Ag Policy Blog
Chris Clayton DTN Ag Policy Editor

Sunday 02/23/14

Ag Census: Tough to be in the Middle

The hardest spot to be as a farmer in age of high grain prices from 2007 to 2012 was a middle-aged farmer with fewer than 1,000 acres.

Based on acreage, the only group of farmers to increase in number were farmers with 1,000 acres or more. (I hope more data comes down looking at larger acreage figures.) There were 173,483 farmers with at least 1,000 acres, which was 434 more than in 2007. Statistically, the number of larger operators was effectively unchanged.

There were fewer farmers in every other farm size. The census showed 346,062 farmers in the 180-499 acre range, that's 22,306 fewer than in 2007.

In the 500-999 acre range, there were 142,549 farmers in 2012. That number was 7,164 fewer than 2007.

The age group hit hardest in terms declining brethren were farmers in the age from 45-54. There are 99,353 fewer producers in that age group in 2012 than in the 2007 ag census.

There were 119,865 main farm operators under age 35 in 2012, a slight uptick of 1,252 more than 2007.

Older farmers became a bigger voting bloc. Not only has the average age of operators increased, but there are 707,255 farmers that are at least age 65, an increase of 51,601 in five years.

Two million farmers describe their race as white. All other ethnic designations accounted for 96,589 farmers.

Women accounted for 288,269 principal operators. The number of women principal operators declined by 6% while the number of men declined by 4%.

Looking at states, the ones with the largest decline in farmers included:

Tennessee -11,230

Wis -8,707

Missouri -8,655

Kentucky, 8,196

Minnesota, -6,455

Oklahoma -6,320

Georgia, -5,589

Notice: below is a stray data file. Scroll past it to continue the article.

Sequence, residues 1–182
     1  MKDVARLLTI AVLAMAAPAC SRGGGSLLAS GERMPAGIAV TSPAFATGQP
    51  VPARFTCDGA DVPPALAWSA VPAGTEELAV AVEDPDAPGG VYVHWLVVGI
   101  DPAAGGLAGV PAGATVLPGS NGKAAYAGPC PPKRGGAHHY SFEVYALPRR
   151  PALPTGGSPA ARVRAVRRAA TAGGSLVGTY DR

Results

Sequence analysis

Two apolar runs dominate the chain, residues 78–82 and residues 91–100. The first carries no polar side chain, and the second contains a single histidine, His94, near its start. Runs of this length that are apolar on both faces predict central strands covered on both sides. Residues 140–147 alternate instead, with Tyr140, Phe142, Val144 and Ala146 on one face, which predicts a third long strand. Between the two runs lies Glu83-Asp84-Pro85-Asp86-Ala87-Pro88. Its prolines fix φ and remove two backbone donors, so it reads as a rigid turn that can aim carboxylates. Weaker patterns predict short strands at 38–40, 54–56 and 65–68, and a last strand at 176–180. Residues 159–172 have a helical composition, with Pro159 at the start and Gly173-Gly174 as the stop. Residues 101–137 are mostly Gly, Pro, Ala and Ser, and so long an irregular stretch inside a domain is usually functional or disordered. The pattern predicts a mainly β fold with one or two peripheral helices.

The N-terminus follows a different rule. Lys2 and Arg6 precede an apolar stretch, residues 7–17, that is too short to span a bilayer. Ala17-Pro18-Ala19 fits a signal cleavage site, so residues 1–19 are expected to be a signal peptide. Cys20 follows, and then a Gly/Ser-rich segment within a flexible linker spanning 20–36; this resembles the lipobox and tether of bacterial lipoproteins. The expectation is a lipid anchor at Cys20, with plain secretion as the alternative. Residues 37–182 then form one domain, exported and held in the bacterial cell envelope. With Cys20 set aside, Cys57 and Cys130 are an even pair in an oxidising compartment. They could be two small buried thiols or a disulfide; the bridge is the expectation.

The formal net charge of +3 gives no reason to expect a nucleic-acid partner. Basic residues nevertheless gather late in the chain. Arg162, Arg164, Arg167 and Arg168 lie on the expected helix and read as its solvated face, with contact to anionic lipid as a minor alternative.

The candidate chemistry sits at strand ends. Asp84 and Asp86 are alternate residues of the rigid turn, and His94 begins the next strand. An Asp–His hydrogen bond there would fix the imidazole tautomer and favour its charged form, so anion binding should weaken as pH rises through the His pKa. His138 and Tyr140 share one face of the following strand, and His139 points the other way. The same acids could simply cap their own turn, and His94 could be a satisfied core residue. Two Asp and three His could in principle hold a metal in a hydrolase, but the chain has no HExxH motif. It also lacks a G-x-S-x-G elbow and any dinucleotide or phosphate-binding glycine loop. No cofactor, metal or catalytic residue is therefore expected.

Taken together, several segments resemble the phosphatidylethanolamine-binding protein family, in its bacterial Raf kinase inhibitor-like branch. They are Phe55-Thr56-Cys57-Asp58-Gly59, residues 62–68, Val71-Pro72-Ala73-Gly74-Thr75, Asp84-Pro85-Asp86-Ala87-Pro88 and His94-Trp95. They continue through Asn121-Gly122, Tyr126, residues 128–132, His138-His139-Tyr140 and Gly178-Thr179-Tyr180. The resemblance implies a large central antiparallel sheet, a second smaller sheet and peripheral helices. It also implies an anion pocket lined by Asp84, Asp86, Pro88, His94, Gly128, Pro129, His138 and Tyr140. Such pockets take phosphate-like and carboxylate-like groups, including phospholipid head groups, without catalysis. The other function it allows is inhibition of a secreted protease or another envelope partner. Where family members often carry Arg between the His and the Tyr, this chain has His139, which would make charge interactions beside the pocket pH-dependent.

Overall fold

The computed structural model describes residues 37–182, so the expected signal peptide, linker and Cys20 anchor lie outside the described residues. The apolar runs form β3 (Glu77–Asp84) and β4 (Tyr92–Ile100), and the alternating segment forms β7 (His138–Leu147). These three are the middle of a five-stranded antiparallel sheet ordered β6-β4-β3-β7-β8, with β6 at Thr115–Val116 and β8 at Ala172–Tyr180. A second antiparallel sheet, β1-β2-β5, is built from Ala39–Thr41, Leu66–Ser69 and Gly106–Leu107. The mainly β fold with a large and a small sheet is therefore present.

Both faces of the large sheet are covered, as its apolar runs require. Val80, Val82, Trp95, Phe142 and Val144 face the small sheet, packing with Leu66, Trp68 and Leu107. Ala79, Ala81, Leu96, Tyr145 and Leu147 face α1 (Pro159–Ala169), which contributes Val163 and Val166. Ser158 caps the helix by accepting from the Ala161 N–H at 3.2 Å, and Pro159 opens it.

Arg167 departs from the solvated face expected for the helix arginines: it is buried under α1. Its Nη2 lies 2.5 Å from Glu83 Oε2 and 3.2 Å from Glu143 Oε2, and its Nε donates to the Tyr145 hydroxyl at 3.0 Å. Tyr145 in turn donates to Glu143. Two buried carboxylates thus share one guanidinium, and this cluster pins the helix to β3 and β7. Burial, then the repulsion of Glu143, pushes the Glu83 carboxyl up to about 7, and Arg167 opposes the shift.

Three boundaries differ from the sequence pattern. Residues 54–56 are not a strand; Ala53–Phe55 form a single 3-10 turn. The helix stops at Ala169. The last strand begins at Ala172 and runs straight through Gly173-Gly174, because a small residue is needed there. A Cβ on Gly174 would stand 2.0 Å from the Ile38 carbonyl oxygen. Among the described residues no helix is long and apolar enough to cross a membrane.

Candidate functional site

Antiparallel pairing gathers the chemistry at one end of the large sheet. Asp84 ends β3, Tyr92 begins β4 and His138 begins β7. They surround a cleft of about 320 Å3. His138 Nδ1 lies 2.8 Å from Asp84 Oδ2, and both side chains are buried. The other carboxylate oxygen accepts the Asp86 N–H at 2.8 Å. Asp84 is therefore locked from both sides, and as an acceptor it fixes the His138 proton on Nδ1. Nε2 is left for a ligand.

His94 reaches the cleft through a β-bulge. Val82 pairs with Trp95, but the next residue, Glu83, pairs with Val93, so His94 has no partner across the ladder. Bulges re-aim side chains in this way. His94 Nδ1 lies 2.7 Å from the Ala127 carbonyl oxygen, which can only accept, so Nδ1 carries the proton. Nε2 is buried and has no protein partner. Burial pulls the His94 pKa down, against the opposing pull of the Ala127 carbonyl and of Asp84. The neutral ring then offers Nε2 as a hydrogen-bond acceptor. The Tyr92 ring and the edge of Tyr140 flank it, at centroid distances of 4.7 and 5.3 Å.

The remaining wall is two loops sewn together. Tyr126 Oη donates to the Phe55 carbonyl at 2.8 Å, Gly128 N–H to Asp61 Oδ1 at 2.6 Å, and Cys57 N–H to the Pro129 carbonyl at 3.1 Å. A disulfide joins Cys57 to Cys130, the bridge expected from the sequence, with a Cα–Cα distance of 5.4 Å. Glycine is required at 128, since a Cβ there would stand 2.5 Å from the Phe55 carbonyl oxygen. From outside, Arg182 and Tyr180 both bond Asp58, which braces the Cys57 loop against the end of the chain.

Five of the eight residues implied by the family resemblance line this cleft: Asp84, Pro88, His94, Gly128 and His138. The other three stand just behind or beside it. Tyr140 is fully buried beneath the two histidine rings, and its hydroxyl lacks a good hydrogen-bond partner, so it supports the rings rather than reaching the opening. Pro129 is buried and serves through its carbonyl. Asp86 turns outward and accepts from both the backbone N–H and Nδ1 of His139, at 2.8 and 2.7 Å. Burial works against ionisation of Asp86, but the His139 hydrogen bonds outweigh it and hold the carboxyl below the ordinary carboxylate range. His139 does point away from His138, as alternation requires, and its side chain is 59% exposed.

Alabama -5,225

No one cause led to the decline in any state, but I wondered if there might be come quick associations anyway. I thought fewer livestock numbers could have a linkage. Given that some of these states are major cow-calf producers, I thought that might be a number to compare. The results were mixed:

Tennessee had 2.3 million cattle and calves in 2007, a figure that dropped to 1.97 million by 2012, a decline of more than 15% over that time.

Wisconsin had 3.4 million cows and calves in both 2007 and 2012. The number of cattle was basically the same throughout the period of the census.

Missouri had 4.45 million cows and calves in 2007 and 3.9 million in 2012, or 13% fewer cows and calves.

Kentucky had 2.46 million cows and calves in 2007, which dropped to 2.15 million in 2012, a decline of about 13%.

Minnesota's decline in farms showed no connection to cattle. The cow-calf herd remained steady with 2.36 million head in 2012, a decline of about 60,000 from 2007 figures.

Oklahoma showed 5.25 million cows and calves in 2007 down to 4.5 million in 2012. Oklahoma's numbers on cow-calf declines are more skewed toward the drought in 2011 because the early herd numbers starting in 2011 were 5.1 million.

Alabama had about 1.21 million cows and calves in 2012, a decline of about 110,000 head, a decline of about 9%.

Georgia as well lost about 150,000 cattle from 2007-2012 with the cow-calf herd at just over 1 million head now.

Posted at 7:22PM CST 02/23/14 by Chris Clayton
Comments (4)
Kinda Scary,, You have 120,000 young farmers to replace 707,000 older ones. And your middle aged farmers lost have moved up to the upper aged group in the last 5 years, there is nobody to replace them.Small acre farmers have been lost to retirement.I don't belive it has anythig to do with livestock numbers.It is an age thing and it is going to get worse.Some very large farms close to us have middle to upper aged producers and no one interested in farming in the next generation.We will keep losing farmers maybe not in acreage, but in numbers.
Posted by Raymond Simpkins at 8:22AM CST 02/24/14
Big Ag is getting just what they want.
Posted by Mike Estadt at 10:05AM CST 02/24/14
Customers wanting cheaper food are getting just what they want.
Posted by CRAIG MOORE at 9:53AM CST 02/27/14
What's really also scary is that most of the upper middle aged farmers who struggled for years and left farming, don't have a big 401K or a sack of money or a big contribution to social security to fall back on. I'd bet many lost the elder stateswomen in the family who kept her hands on the land and they couldn't afford to buy out the other family members........ you know, the ones who DO have the nice retirement and big social security contributions coming. Those for whom the money from the farm is just a big bonus for a new retirement home in Arizona or Hawaii. This scenario is quietly played out time and time again.
Posted by Bruce Hanson at 4:24AM CDT 03/11/14
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